Thank you for attending my July 15 webinar, “Creating Best in Class Backup solutions for your MySQL environment.” Due to the amount of content we discussed and some minor technical difficulties faced near the end of webinar we have decided to cover the final two slides of the presentation along with the questions asked by attendees during the webinar via this blog post.
The final two slides were about our tips for having a good backup and recovery strategy. Lets see the bullet points along with what would have been their explanation during the webinar :
- Use the three types of backups
- Binary for full restores, new slaves
- Binary backups are easy to restore, plus takes the least amount of time to restore. The mean time to recover is mostly bound by the time to transfer backup to the appropriate target server,
- Logical for partial restores
- Logical backups, especially when done table-wise come in handy when you’re wanting to restore one or few smaller tables,
- Binlog for point in time recovery
- Very often the need is to have Point In Time Recovery, with a Full backup of any type (Logical or Binary) its half the story, we still need the DML statements processed on the server in order to bring it to the latest state, thats where Binary logs (Binlog) backups come into picture.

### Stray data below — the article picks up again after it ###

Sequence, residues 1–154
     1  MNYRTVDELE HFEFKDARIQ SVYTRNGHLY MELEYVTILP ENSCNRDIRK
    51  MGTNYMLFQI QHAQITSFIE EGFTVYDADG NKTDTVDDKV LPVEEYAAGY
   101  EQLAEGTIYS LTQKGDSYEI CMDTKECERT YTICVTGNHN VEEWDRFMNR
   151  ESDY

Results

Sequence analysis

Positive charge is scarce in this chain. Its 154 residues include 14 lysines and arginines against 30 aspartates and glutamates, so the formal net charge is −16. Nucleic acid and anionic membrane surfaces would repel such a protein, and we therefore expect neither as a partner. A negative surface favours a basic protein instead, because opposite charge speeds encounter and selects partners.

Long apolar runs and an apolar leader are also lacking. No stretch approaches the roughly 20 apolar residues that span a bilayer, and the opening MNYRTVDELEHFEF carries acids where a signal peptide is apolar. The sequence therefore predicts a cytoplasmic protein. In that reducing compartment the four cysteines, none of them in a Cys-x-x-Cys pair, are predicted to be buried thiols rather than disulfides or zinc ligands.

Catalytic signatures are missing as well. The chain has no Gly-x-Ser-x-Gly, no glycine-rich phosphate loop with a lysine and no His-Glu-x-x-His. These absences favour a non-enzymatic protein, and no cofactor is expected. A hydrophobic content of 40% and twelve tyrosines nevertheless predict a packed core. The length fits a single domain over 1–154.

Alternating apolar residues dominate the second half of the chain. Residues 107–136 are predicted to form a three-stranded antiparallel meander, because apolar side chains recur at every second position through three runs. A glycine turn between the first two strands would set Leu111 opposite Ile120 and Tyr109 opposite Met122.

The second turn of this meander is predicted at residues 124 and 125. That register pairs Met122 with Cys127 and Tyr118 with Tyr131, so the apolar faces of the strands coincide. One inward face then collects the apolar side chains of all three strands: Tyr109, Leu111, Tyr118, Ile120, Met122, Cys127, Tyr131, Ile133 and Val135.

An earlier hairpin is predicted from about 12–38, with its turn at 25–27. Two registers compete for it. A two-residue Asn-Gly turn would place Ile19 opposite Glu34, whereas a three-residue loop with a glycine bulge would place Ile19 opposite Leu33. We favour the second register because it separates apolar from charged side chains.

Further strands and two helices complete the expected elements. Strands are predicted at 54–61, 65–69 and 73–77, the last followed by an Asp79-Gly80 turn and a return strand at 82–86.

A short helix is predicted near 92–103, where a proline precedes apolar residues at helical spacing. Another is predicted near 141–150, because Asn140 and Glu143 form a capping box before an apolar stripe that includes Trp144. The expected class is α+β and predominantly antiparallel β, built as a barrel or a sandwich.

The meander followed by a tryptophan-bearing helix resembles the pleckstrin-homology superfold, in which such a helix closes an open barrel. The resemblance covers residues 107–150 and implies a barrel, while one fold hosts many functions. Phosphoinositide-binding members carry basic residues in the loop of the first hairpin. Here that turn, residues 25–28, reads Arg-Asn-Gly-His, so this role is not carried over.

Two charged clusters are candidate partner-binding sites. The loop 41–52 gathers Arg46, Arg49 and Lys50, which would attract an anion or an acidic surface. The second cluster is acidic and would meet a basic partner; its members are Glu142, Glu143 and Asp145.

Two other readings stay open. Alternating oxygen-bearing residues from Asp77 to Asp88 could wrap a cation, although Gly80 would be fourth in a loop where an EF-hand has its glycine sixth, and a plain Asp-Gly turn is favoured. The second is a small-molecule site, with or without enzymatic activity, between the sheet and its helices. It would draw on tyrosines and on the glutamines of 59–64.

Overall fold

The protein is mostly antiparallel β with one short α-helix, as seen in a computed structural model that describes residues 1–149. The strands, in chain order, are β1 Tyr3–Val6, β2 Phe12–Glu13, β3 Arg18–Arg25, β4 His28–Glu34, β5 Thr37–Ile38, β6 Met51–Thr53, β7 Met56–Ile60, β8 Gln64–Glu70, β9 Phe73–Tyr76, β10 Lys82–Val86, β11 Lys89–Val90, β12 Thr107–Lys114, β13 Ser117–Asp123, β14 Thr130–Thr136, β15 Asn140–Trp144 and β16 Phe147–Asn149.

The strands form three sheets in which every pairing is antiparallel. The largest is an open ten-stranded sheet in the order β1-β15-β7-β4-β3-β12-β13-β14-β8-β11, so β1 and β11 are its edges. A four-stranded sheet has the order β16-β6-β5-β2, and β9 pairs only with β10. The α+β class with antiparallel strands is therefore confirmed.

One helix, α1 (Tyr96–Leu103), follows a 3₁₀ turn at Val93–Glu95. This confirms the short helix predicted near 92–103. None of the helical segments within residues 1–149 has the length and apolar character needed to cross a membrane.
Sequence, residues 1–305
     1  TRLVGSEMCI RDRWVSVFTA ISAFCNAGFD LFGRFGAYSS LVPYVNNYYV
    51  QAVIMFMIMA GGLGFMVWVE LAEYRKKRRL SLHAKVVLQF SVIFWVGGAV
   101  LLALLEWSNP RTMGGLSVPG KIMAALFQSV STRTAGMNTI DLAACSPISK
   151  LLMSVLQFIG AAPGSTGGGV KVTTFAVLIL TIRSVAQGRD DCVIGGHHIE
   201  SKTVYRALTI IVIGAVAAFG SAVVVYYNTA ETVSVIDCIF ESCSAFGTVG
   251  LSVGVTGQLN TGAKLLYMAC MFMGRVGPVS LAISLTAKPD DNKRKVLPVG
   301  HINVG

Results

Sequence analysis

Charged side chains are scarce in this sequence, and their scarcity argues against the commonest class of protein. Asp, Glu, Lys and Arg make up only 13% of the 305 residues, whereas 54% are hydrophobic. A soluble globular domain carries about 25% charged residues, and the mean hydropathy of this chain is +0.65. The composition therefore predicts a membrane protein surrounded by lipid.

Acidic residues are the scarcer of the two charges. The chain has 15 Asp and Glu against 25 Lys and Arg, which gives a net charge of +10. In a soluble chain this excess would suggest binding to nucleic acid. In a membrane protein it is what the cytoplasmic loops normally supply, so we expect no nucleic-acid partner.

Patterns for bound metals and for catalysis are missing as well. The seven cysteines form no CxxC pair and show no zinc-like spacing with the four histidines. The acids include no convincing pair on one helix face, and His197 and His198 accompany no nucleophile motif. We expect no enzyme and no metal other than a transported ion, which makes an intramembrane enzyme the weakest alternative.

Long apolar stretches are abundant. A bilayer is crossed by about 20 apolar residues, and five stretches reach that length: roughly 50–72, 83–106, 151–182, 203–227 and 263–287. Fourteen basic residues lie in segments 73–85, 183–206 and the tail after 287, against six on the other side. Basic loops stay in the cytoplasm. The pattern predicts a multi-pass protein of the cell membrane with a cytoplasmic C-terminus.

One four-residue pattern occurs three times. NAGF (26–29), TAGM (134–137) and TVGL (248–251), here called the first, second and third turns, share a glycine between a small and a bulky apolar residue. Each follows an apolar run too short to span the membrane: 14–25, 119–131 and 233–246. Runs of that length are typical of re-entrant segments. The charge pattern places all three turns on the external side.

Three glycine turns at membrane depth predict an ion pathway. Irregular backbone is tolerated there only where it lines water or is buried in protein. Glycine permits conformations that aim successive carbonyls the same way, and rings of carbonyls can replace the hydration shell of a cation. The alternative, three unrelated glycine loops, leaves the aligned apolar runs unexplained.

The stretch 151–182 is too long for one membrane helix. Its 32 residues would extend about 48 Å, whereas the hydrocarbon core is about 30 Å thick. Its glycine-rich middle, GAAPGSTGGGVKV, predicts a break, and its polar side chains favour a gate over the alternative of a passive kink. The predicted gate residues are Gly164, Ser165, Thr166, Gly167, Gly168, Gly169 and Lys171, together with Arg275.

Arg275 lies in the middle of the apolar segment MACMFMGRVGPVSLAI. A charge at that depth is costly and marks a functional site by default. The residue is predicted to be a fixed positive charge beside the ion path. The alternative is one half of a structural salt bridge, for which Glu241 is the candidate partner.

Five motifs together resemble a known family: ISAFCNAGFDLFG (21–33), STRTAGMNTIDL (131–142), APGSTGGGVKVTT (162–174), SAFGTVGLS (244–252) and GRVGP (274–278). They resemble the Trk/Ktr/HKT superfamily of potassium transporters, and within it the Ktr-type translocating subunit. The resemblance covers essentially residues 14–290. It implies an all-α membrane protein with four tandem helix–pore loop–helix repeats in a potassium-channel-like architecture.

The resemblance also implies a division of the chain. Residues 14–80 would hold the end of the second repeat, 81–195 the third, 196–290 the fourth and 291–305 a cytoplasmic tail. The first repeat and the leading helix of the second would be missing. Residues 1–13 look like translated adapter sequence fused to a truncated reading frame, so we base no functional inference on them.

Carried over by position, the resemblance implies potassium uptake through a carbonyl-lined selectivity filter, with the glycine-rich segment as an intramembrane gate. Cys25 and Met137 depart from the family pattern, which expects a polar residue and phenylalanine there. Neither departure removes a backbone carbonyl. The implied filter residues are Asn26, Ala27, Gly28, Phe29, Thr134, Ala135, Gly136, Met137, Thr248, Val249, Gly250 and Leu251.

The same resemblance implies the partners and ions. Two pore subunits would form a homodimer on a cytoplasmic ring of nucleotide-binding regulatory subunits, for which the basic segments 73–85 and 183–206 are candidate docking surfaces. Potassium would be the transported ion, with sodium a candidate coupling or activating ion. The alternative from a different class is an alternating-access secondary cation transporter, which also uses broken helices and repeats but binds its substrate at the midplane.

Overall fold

- Binary for full restores, new slaves
- Store on more than one server and off-site
- Store your backups on more than one location, what if the backup server goes down ? Considering offsite storages like Amazon S3 and Glacier with weekly or monthly backups retention can be cheaper options.
- Test your backups!!!!
- Testing your backups is very important, its always great to know backups are recoverable and not corrupted. Spin off an EC2 instance if you want, copy and restore the backup there, roll-forward a days worth of binlogs just to be sure.
- Document restore procedures, script them and test them!!!
- Also when you test your backups, make sure to document the steps to restore the backup to avoid last minute hassle over which commands to use.
- If taking from a slave run pt-table-checksum
- Backups are mostly taken from slaves, as such make sure to checksum them regularly, you dont wanna backup inconsistent data.
- Configuration files, scripts
- Data is not the only thing you should be backing up, backup your config files, scripts and user access at a secure location.
- Do you need to backup everything all days?
- For very large instances doing a logical backup is a toughie, in such cases evaluate your backup needs, do you want to backup all the tables ? Most of the time smaller tables are the more important ones, and needs partial restore, backup only those.
- Hardlinking backups can save lot of disk space in some circumstances
- There are schemas which contains only a few high activity tables, rest of them are probably updated once a week or are updated by an archiver job that runs montly, make sure to hardlink the files with the previous backup, it can save good amount of space in such scenarios.